The Quindío department, nestled in the heart of western Colombia, boasts an expanse of 1,947 square kilometers that beckons exploration. Bounded by the departments of Valle del Cauca, Tolima, and Risaralda, its geography is as diverse as it is captivating.
The western reaches of this region unfold with a tapestry of landscapes, a rugged terrain painted with the meanderings of numerous rivers. Among them, the Quindío, La Vieja, San Juan, Barragán, Espejo, and Rojo rivers weave their stories into the fabric of the land. On the contrasting eastern horizon, a volcanic panorama comes to life, crowned by the majestic presence of El Nevado del Quindío.
While the department itself came into official existence in 1966, its roots trace back to the greater tapestry of the Caldas Department. A story of evolution and transformation, where history unfolds across time.
In epochs before the footsteps of the Spaniards, these lands bore witness to the vibrant presence of the Quimbaya natives. These indigenous peoples thrived, amassing riches in the form of gold, skillfully shaping it into intricate works of artistry that echoed their mastery.
Carlos Arcila is a third-generation coffee farmer, he was born in a traditional coffee family from Quindío. Since he was a child, he was part of the family business helping his father around the farm. Carlos owns Castellon farm, a 7-hectare farm located at 1450 m.a.s.l in Armenia, Quindío. Carlos is a landscape gardener so, when he bought Castellon 32 years ago, he wanted to restore the soil and the historical elements of Castellon. He started planting native trees and flowers and was able to revive the natural spring. He also planted beautiful flowers such as Heliconia, Romelia and native trees such as Guamo, and Nogales among others. Nowadays, Castellon is a stunning coffee farm with gorgeous flowers tracing the footpaths and surrounded by native trees.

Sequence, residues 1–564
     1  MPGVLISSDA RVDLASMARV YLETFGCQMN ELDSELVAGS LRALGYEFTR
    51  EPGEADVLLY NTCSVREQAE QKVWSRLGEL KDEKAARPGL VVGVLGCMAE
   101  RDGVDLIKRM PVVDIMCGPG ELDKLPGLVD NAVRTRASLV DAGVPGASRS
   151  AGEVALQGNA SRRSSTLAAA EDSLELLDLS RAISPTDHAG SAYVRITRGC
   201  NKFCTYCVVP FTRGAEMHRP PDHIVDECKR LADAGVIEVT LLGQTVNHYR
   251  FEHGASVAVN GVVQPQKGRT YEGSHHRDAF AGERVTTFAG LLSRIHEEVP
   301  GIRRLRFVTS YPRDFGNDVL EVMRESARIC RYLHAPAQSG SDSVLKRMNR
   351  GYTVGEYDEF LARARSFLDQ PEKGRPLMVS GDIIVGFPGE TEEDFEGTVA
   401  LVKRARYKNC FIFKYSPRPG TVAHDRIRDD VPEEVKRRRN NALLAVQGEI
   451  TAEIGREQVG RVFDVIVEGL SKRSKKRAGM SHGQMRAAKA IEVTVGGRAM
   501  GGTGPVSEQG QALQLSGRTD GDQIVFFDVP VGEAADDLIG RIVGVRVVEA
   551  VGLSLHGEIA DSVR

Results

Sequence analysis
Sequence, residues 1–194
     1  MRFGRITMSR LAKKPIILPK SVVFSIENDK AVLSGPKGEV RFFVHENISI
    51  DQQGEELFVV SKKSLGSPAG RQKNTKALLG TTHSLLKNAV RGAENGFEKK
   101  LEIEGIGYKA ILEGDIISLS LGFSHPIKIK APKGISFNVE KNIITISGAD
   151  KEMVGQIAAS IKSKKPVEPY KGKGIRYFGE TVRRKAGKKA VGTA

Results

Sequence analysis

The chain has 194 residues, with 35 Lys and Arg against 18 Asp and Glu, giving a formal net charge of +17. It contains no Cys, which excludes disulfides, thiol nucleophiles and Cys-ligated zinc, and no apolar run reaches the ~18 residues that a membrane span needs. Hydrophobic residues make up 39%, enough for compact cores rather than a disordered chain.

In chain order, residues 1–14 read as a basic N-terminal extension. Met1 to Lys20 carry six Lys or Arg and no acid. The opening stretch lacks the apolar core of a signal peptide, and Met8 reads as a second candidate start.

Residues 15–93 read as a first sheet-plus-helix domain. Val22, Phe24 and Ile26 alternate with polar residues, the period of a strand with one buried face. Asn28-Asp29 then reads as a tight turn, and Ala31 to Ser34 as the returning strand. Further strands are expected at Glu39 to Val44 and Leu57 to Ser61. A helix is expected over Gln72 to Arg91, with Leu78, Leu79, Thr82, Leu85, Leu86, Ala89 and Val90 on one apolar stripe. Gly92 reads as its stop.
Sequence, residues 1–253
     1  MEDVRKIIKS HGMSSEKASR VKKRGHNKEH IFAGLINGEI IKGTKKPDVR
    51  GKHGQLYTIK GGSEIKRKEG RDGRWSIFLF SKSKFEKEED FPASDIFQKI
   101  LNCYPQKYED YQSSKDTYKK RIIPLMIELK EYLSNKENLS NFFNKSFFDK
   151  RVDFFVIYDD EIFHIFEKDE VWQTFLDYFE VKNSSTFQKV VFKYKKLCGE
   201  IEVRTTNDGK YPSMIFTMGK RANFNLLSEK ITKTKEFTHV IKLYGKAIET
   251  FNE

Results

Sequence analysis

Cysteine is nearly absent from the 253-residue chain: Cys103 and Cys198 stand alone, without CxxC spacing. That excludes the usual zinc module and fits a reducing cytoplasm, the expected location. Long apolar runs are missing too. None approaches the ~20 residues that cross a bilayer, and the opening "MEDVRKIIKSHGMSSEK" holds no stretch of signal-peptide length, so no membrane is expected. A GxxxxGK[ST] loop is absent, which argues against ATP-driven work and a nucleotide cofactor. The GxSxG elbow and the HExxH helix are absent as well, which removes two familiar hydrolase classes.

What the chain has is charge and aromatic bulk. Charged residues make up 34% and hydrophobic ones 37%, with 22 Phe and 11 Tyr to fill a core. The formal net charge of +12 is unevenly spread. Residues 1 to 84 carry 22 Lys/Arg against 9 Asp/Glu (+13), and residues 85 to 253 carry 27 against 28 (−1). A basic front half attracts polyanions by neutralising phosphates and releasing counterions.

In the beginning, he started planting Colombia variety, selling his coffee to some cooperatives and the FNC. He learned about coffee farming from a very young age from his father. This gave him a wealth of knowledge in commercial farming practices and how to generate better incomes.
Carlos has seen a change in the demand for Specialty Coffee and has changed his approach as a result. With the support of Cofinet and their technical advice, he now has a large Gesha plantation. Here he implements strict farming practices and is able to deliver perfectly ripe cherries to Cofinet for processing. Carlos says that even though agricultural inputs are increasing in price, the additional premiums he is receiving for his high-quality coffees make coffee farming a profitable business. Outside of coffee, Don Carlos enjoys being at the farm and taking care of his garden. He also loves to host groups of people who are curious about the plants and trees he has planted on his farm.